Something very strange happened in Tuen Mun on October 28th, 2019. Starting around 4:00 pm, residents of the Tai Hing neighborhood reported both smelling tear gas and showing common tear gas symptoms. Photos collected by Apple Daily from the scene show both residents and firefighters responding to something.
Residents and netizens quickly came to the conclusion that HKPF was either ‘testing’ new tear gas at their Tai Hing Operations Base or that tear gas had ‘leaked.’ After HKPF denied having anything to do with the incident, residents surrounded the Operations Base demanding answers. They were promptly tear-gassed. Somewhere between 70 and 80 people were arrested for similar protests over the next few days.
The people arrested have never been provided a satisfactory answer about what happened on the afternoon of October 28th. It was a question worth exploring for OSINT HK in the days when we were just a hashtag on Twitter. To start with, neither the ‘test’ or ‘leak’ hypothesis added up. For one, Tai Hing Operational Base has no outdoor area to test tear gas. It’s extremely unlikely they were firing tear gas in their small parking lot (and even less likely that no one witnessed it).
As to the ‘leak’ hypothesis: that’s not how tear gas works. The HKPF Black Flag warning of ‘tear smoke’ is actually a far more accurate description than a term like ‘tear gas.’ CS is a solid that releases irritants when it combusts. Different types of accelerants are used to start the process, which is one reason the Chinese tear gas burns so much hotter than the American gas used at the beginning of the movement.
The only way for tear gas to have ‘leaked’ from Tai Hing Operational Base would have been for tear gas rounds to have been set off the same way we see on the streets: being fired from riot guns. Either that or the munitions were somehow accidentally ignited to the same effect. Once again, we think residents would have noticed tear gas rounds bursting inside a police station. It would likely have caused a fire inside as well.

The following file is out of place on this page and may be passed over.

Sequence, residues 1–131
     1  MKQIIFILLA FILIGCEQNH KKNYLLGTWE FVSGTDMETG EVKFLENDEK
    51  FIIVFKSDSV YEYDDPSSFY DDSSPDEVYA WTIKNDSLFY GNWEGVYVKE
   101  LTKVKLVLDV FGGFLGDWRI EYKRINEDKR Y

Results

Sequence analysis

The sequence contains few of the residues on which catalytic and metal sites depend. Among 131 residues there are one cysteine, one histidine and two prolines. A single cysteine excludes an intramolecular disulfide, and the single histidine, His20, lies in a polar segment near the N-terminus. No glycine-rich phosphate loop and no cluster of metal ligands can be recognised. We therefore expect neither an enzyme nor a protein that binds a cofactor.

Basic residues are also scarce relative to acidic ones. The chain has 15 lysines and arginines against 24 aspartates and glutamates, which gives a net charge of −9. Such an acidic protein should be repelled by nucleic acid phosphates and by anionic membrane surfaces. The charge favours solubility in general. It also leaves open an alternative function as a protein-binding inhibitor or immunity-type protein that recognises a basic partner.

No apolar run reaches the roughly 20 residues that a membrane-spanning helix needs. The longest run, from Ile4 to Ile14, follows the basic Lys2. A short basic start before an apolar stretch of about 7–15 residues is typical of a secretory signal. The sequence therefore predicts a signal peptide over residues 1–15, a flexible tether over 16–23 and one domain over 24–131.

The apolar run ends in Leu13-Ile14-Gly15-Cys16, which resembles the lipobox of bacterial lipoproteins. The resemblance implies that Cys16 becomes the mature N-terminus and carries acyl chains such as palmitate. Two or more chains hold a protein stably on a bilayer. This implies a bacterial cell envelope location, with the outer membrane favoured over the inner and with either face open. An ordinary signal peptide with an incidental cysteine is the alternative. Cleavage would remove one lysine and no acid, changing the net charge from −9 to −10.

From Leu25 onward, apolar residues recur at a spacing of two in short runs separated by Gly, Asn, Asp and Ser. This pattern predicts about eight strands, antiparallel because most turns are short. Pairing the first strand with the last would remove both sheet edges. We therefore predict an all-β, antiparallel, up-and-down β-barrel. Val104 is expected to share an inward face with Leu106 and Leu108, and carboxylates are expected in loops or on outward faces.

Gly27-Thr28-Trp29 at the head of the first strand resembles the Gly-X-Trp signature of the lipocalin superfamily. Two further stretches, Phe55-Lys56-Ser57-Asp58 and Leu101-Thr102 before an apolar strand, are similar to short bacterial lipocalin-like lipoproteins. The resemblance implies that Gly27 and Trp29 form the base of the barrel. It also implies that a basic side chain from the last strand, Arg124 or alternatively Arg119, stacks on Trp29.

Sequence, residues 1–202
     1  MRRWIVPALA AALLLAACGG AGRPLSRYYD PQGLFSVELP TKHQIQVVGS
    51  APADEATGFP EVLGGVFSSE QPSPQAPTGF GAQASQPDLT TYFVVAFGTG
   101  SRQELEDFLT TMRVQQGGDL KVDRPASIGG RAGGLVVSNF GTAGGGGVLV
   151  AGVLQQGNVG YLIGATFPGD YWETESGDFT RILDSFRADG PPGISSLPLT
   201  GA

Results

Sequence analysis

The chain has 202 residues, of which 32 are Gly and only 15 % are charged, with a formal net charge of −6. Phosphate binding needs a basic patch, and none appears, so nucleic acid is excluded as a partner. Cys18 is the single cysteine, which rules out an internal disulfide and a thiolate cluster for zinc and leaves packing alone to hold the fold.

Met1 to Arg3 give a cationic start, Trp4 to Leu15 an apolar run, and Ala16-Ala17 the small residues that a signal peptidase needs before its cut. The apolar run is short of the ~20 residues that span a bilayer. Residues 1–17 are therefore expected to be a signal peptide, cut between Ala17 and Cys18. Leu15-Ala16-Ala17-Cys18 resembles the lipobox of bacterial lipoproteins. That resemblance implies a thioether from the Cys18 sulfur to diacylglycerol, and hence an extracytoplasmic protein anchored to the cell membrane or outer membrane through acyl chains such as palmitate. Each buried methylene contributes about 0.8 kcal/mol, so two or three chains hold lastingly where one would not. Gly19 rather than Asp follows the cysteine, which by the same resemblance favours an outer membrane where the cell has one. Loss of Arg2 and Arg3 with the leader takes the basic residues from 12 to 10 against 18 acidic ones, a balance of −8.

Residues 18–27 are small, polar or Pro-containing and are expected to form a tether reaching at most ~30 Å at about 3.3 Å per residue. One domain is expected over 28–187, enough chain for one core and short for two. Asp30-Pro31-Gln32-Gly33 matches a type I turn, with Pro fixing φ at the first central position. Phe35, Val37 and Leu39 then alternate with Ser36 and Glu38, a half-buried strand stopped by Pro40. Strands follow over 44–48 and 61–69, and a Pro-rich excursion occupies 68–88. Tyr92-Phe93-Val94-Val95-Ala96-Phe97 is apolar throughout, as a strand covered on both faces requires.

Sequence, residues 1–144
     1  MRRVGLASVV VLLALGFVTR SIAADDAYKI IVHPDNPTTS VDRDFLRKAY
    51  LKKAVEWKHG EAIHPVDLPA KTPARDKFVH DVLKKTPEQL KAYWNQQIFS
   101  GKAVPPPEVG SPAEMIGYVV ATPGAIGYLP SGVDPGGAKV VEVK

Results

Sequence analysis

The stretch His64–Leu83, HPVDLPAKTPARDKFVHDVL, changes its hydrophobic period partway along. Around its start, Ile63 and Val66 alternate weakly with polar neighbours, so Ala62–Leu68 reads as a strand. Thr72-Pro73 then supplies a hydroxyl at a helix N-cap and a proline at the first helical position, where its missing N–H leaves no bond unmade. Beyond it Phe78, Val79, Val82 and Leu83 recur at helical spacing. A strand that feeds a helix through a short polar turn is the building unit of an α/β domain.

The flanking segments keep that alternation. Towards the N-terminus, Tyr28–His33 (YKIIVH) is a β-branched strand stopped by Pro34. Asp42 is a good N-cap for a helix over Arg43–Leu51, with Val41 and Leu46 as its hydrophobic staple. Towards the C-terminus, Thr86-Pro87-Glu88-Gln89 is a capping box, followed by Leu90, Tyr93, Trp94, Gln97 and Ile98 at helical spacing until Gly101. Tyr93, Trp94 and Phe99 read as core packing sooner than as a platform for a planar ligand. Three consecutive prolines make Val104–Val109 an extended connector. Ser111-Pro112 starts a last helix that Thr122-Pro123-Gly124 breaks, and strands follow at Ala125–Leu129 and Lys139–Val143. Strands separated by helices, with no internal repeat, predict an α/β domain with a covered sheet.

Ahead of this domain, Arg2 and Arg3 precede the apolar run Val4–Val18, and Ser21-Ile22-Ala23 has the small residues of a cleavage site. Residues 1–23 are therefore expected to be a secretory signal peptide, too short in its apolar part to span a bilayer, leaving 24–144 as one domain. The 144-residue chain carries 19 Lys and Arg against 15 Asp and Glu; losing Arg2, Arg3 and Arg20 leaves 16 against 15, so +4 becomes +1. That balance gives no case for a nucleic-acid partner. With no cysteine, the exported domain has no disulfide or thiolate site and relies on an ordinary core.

None of which residents reported. Not even smoke coming from the Operational Base. Both theories were based entirely off the Operational Base’s proximity to reported smells and effects and the association of tear gas with the Hong Kong Police Force.
Where might the tear gas have come from? The same place OSINT HK geolocated when we wondered where the PLA Hong Kong Garrison was firing anti-tank missiles in a video they released in August. Directly across Castle Peak mountain range from Tai Hing is a massive PLA firing range. The same video also showed PLA soldiers practicing firing tear gas and using other riot control tactics on a mocked-up Hong Kong street (one of two scenes we haven’t been able to geolocate yet).
What’s more, a marketing video trying to sell Chinese crowd control equipment to Venezuala shows released a few months before this incident shows vehicles blanketing a street with far more tear gas than HKPF can manually fire. They’ve already filmed themselves firing cannons, anti-tank missiles, and sniper rifles at their Castle Peak Firing Range… why not a massive amount of tear gas?
Weather reports from Hong Kong International Airport showed a sudden uptick in wind speed at around the time of the incident. Wind speed doubled to 21 kts/10.8 m/s compared to earlier in the day. A simple diagram map showed that the wind would have been blowing in almost a straight line from the Castle Peak Firing Range to the Tai Hing neighborhood of Tuen Mun.
Can OSINT HK say for certain that the PLA accidentally gassed Tuen Mun? No. But the police denial of responsibility matches our own debunking of the two theories of where the gas came from. Given that as many as 80 people were arrested because of their outrage over the incident and neither HKPF or the HKSAR government providing any answers, it is also unlikely that the PLA Garrison would admit to having triggered this bout of unrest.
Ultimately, the only two theories that stack up to scrutiny are mass hysteria or the PLA accidental gassing scenario.